Once you've chosen your categories, take inventory by writing down each item under its appropriate heading. Moving systematically through the objects and furniture in the room is helpful here. Start with the big things, such as furniture and bedding.
Once your reach the clothing category, sorting may become a bit more challenging. Children grow constantly, and chances are good that your child's closet and dresser possess a wide variety of clothing options. Some of these may no longer fit or might just be completely worn out. Take specific inventory of these as well, noting, for example, how many pairs of jeans your child has. Make sure to write the sizes of all clothing and other important notes on your inventory sheet.
Once you've categorized all of your child's belongings, it's time to decide what stays and what goes. Read on to find out how to begin making these decisions.
What Should I Keep in My Child's Room?
Now that you've taken inventory of the contents of your child's room, you have to spend some time deciding what you want to keep. Many families want their child to have a few pieces of furniture, some books, their clothing and perhaps a few favorite toys in their room. Some families prefer that all toys be kept out of their child's room, especially if that child resists sleeping because he or she is distracted by toys. Other children may have this problem with their books or a TV.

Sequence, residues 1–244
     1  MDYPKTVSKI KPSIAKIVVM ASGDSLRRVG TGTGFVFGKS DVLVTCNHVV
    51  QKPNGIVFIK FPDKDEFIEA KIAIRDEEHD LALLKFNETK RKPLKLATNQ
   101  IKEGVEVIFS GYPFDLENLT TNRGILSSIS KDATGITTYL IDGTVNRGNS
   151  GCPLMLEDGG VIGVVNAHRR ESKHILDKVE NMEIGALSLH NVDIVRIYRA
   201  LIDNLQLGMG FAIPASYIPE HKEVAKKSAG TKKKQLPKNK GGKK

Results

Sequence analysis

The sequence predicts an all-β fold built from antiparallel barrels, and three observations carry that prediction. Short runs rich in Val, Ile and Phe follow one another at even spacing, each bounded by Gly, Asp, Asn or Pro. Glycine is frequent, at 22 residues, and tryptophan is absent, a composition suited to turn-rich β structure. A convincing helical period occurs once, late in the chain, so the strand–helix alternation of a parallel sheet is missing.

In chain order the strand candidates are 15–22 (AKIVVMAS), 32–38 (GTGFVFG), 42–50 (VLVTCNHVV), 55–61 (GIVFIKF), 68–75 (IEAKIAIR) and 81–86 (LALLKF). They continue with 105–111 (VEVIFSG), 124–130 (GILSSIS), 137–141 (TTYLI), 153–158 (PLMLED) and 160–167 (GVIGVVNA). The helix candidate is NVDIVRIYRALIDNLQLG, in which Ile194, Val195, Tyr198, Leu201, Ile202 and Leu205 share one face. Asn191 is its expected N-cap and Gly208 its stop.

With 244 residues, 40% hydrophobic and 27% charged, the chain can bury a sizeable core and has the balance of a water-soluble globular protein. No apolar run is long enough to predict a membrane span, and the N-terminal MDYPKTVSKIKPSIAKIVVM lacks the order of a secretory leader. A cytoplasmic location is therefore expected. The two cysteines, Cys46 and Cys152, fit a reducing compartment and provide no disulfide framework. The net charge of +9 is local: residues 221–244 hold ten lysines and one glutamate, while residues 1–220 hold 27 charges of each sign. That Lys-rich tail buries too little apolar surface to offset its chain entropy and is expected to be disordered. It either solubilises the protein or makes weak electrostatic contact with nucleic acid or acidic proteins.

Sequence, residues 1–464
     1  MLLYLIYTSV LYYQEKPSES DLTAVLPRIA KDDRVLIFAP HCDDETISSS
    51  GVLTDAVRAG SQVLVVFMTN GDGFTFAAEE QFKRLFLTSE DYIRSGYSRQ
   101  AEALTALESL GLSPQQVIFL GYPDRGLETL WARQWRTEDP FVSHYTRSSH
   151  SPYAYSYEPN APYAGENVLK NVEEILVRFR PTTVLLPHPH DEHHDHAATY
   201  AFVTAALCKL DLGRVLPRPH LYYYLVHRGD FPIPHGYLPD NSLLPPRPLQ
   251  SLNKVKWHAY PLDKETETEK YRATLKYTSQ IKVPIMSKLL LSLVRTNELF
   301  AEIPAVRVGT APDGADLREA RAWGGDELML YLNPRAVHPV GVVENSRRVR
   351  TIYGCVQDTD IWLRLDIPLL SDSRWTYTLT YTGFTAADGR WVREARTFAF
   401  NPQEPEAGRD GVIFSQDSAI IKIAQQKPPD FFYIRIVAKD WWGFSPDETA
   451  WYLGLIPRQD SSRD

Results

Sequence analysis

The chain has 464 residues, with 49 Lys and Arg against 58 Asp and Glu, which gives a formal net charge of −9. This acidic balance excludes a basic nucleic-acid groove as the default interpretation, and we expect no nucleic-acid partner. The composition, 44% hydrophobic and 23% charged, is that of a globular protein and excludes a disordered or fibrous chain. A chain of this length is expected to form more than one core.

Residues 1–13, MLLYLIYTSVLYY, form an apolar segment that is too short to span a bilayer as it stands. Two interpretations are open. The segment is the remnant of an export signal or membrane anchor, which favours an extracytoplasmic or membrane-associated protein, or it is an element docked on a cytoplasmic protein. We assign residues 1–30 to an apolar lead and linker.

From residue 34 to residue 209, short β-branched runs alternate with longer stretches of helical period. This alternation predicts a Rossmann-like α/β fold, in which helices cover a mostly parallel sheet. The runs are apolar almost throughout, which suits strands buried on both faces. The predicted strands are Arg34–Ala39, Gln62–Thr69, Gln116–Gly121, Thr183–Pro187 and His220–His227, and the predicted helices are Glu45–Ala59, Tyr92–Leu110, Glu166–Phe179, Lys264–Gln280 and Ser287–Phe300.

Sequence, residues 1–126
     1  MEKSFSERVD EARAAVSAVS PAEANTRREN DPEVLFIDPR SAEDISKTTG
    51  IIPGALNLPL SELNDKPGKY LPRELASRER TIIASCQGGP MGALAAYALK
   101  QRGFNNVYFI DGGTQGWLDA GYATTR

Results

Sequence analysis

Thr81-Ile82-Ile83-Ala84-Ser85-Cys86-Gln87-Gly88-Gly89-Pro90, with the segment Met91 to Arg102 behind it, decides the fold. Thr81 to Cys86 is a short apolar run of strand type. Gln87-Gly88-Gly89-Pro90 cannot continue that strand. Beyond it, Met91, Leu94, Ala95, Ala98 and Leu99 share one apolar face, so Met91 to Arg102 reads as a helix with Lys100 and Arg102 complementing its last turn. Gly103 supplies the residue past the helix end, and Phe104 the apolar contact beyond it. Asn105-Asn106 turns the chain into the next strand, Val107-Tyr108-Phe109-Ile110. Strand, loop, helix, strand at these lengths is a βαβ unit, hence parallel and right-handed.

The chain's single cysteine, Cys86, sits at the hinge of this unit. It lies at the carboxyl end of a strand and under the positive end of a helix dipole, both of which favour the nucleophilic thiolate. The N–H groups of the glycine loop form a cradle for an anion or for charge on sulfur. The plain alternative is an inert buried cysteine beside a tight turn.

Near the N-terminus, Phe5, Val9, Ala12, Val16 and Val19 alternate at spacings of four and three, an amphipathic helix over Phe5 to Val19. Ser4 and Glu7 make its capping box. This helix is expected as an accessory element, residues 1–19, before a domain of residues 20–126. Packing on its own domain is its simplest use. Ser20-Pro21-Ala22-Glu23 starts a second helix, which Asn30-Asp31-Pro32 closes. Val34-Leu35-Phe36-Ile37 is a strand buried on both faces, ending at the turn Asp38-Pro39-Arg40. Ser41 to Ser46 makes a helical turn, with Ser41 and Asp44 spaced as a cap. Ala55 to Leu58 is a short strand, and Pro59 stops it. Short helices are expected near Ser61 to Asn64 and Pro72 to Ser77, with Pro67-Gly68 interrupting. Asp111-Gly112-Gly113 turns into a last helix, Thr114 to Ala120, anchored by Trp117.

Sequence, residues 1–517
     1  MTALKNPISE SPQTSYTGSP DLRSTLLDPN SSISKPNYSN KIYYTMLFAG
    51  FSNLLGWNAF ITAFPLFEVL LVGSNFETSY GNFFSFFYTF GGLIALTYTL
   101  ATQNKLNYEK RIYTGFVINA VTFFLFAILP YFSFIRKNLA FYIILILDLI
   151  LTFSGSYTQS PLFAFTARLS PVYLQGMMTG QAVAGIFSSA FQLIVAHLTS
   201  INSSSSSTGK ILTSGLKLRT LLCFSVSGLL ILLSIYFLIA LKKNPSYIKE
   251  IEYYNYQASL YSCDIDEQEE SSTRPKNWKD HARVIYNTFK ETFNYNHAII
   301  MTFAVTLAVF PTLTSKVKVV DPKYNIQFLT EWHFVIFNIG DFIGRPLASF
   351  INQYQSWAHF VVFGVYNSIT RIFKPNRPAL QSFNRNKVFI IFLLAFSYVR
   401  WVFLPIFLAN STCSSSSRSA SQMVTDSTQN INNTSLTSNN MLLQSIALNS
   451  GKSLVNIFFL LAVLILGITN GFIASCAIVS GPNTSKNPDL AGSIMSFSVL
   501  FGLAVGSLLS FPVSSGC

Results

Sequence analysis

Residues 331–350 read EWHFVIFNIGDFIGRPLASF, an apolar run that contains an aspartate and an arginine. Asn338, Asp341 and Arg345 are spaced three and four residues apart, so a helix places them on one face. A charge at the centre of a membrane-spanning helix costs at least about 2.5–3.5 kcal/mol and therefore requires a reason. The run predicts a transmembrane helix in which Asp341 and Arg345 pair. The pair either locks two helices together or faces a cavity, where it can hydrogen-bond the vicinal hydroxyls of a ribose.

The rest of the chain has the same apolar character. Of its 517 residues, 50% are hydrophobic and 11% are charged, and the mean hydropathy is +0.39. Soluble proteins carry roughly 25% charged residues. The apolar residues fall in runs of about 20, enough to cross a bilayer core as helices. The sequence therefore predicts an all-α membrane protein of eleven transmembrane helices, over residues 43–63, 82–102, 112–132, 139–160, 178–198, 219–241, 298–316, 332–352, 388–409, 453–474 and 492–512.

When organizing a space, many experts suggest that you create four piles: a keep pile, storage pile, charity pile and trash pile [source: Elias]. Take your inventory list and write which pile each item belongs in next to its name. Many of these will be no-brainers, such as the child's bed and linens.
You're likely to have decisions to make, however, when it comes to books, toys and clothing. Look critically at each category and consider each item individually to decide whether it is worth keeping in the room [source: Elias]. Don't forget to include your child in this process, if possible, and ask him what items he would like to keep the most. Keep only those things that will get immediate use, and pack up whatever you decide to store and label it clearly. Rotate toys and books in and out of storage. Your kids will be excited to play with their "new" old items [source: Flinders].
Once you've decided what to keep, you'll need a way to organize it all so that you can child can easily access it, but also put it back up just as easily. Read on to learn about a few different organizational methods.